Now here is a wonderful example of a challenging digital humanities in action! I’m delighted to follow the adventures recorded by Christof Schöch in The Dragonfly’s Gaze. I’m just beginning some adventures with topic modelling with the Digital Archives and Pacific Cultures project, as I’m assembling large quantities of text, and MALLET is the first (and only) tool I’ve been planning to use…But I learn of other fascinating possibilities through this site, and see some brilliant experiments with distant reading and graphic visualization here, using Gephi. Very impressed! I can’t say I understand it all yet, but I want to watch and maybe I’ll catch up with the statistics one day.

What I love about this: It’s highly technical, yes, but also very encouraging of adventuring forth into quantitative analysis as a humanities scholar. For example, see the very personable yet highly educational post on “Catching up: ‘Statistics: Making Sense of Data’ on Coursera.” And Schöch enthusiastically investigates topics in literature and about humanities–he’s theorizing about what can be happening–how the digital humanities can change our frames of reference for studying literature and culture.  I confess–I greatly admire this!

my first confession

I’m a Romanticist by calling—-an active teaching and researching academic moved to study literary Romanticism and its precursors and ripple effects and aftershocks. I’m working on projects that are exciting, new and strange to me, all launched within the past year. Hence this new blog, documenting my adventures as a Digital Romanticist. Here I’ll meditate aloud to anyone who cares, and I’ll also work with those involved in projects with me to post materials and discuss issues immediately important to us.

I’m caught up in an Adventure that began when I wanted to find a good way to edit the collected works of Mary Russell Mitford a few years ago. In May 2012 I participated in a wonderful manuscript-encoding workshop hosted by the Brown Women Writers Project, and thanks to the efficient tutelage of Julia Flanders and Syd Bauman, I began learning TEI XML, the markup language of the Text Encoding Initiative. Along the way, together with my colleague Sayre Greenfield, I helped to launch a Digital Humanities course at my campus, the University of Pittsburgh at Greensburg, and I began teaching TEI to my patient and persevering college students. Teaching accelerated my learning, because I confess(!) all along in the Fall of 2012 I was only days or even hours ahead of my students in learning before teaching, and I keenly felt my lack of knowledge. I attended a second workshop at Brown University on transforming TEI with XSLT, where I met a most impressive computational linguist from Pitt’s Oakland campus who generously offered me and two dedicated companions a spot in his Spring 2013 course on Computational Methods in Humanities. In 15 weeks, we ran through a mill of daily rigorous homework exercises in coding: XML, XSLT, CSS, RelaxNG, Schematron, XQuery, SVG, Javascript. I worked together with a small project team of faculty and students from two campuses, to launch a serious, wonderful, and continuing project in textual analysis, mapping, and graphic visualization called Digital Archives and Pacific Cultures. This project site, its research questions, and its range of coding applications serve as the basis of our next iterations of the Digital Humanities course at Pitt-Greensburg.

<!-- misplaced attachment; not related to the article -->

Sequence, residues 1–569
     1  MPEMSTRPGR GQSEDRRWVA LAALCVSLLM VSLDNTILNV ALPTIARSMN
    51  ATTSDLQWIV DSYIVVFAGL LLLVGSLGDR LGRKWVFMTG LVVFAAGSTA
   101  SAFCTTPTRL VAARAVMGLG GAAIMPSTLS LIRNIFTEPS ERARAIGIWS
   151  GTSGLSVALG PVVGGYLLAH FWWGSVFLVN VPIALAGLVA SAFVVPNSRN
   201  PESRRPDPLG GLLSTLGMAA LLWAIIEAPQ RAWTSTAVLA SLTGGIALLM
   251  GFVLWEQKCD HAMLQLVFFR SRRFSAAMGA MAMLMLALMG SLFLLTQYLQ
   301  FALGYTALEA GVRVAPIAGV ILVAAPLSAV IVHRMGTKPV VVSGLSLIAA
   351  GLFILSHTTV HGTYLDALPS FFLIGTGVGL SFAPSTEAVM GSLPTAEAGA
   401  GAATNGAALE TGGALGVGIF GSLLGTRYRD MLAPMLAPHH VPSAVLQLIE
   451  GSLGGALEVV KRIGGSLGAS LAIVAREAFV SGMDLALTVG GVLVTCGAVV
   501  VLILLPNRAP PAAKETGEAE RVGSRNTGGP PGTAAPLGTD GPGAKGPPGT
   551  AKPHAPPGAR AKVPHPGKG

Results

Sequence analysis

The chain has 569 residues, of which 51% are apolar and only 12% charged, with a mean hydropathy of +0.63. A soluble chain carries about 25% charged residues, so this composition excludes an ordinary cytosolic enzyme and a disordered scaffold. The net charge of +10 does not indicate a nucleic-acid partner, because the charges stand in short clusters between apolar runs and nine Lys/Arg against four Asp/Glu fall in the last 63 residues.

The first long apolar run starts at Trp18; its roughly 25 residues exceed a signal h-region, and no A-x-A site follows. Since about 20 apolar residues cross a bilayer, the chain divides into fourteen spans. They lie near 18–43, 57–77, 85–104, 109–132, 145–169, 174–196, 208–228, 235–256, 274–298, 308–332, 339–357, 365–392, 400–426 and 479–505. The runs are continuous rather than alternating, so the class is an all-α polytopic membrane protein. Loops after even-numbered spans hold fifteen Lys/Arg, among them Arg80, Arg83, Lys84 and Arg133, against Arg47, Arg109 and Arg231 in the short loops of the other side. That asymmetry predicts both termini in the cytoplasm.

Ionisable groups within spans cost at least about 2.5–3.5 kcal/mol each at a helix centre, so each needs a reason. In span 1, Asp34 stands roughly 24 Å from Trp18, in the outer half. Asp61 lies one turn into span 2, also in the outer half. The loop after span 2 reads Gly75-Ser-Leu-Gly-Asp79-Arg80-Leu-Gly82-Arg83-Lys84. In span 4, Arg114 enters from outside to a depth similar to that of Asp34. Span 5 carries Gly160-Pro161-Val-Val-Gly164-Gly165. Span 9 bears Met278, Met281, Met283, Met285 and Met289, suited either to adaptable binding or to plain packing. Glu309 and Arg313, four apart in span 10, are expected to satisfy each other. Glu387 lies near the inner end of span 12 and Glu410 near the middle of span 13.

As my learning accelerated, projects began to cohere, and I am now launching a collaborative digital archive project of the literary works and letters of Mary Russell Mitford–the very project pipe-dream that set me on my path to learning to code in the first place. Anyone reading this blog who doesn’t know who Mary Russell Mitford was might well begin by consulting David Nash Ford’s bio page. Mitford fans should follow a wonderful blog called “Unearthing Our Village”  by Alexandra Drayton, and watch my pages too as the Digital Mitford project unfolds.  I’m fortunate to have found a project team willing and ready to work with me, thanks to the formation of the Mary Russell Mitford Society (MRMS) at the 18th-and-19th-Century British Women Writers Conference in Albuquerque in April 2013. We’re gearing up to meet in early June and begin work on digitizing and coding texts and transcriptions of the prolific Mitford’s works and letters. This is a huge task, and a welcome new adventure.